U.S. District Judge James Cacheris ruled last week that corporations have the same right as individual citizens to donate to candidates for federal office and struck down a law that banned corporate contributions to federal candidates, AP reports.
Judge Cacheris of the Eastern District of Virginia determined that the Supreme Court's decision last year in Citizens United prohibiting bans on corporate spending by independent groups extended to direct contributions to candidates' campaigns:
(F)or better or worse, Citizens United held that there is no distinction between an individual and a corporation with respect to political speech. Thus, if an individual can make direct contributions within (the law's) limits, a corporation cannot be banned from doing the same thing.
The judge therefore ruled that part of indictment against two defendants alleging that they illegally reimbursed donors in two of Hillary Clinton's campaigns was invalid. Click here to read the decision.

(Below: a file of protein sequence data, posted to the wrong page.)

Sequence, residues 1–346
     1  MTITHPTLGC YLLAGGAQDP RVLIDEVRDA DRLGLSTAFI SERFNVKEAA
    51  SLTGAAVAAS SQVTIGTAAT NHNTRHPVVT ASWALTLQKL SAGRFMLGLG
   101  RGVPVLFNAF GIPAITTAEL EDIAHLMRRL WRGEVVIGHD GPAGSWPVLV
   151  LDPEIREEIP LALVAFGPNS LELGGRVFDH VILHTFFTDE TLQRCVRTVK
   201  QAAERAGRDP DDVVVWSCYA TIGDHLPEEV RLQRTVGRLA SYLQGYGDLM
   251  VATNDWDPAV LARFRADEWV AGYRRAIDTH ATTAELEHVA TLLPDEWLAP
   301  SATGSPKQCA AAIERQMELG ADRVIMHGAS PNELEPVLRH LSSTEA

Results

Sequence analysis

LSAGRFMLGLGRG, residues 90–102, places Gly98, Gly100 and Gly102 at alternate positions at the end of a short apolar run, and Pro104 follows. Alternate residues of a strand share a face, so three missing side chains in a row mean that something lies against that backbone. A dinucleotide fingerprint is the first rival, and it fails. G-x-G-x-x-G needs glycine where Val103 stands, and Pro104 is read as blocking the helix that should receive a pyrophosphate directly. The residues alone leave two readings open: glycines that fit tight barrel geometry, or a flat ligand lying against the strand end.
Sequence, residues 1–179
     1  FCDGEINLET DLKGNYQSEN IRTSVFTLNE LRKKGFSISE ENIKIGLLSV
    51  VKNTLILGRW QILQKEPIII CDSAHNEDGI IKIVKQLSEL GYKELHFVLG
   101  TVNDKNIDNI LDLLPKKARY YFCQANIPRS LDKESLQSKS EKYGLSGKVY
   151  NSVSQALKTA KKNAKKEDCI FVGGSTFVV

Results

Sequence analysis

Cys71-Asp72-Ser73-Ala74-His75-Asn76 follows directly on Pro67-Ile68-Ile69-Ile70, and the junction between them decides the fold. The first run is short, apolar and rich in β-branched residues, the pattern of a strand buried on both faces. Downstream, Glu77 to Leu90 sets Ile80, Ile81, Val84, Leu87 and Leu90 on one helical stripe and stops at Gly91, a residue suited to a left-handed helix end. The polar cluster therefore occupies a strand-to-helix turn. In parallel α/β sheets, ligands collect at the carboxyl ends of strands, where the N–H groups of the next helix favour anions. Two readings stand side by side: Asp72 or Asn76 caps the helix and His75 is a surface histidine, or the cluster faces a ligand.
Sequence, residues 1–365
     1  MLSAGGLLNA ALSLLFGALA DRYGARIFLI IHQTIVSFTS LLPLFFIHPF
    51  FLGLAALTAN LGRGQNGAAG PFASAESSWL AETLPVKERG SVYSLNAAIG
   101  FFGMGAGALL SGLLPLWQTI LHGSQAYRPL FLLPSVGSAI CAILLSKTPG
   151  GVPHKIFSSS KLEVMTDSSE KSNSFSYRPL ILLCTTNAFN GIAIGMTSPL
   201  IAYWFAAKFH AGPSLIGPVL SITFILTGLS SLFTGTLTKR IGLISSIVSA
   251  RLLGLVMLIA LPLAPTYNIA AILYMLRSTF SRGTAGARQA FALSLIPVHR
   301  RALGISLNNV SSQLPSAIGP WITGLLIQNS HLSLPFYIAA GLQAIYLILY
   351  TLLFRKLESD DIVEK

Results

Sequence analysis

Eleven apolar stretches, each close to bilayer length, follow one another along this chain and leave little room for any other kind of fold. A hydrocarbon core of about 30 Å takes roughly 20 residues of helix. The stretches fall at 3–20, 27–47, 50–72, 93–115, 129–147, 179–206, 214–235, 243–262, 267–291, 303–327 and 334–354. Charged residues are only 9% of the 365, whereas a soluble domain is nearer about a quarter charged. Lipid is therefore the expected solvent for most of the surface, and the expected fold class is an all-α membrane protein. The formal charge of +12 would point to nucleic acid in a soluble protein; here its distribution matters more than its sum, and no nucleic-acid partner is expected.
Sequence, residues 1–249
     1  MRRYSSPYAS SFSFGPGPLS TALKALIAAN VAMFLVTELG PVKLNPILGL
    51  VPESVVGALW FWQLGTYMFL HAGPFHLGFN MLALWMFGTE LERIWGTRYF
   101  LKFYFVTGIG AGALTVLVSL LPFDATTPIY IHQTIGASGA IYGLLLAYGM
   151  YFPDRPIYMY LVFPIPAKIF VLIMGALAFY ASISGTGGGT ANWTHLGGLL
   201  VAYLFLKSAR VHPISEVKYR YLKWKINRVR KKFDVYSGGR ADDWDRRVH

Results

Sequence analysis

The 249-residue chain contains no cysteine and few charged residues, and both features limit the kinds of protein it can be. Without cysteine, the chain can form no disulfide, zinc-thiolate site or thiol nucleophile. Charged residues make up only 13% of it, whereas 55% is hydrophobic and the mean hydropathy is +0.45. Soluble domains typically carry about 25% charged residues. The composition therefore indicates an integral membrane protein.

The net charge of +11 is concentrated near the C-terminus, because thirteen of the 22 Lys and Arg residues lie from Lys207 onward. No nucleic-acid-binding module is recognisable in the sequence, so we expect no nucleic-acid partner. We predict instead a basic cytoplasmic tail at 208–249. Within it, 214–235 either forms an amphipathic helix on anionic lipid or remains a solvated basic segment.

The ruling came after a federal judge in Minnesota upheld a state ban on corporate contributions. Some commentators predict that the decision will be overturned on appeal, asserting that Citizens United made a clear distinction between limits on corporate campaign contributions and independent expenditures.
UPDATE: Judge Cacheris appears to be reconsidering his ruling that the First Amendment prohibits laws that differentiate between individuals and corporations in campaign contributions, according to the Wall Street Journal's Washington Wire. Today, he requested briefs from both sides and has called for oral arguments on Friday.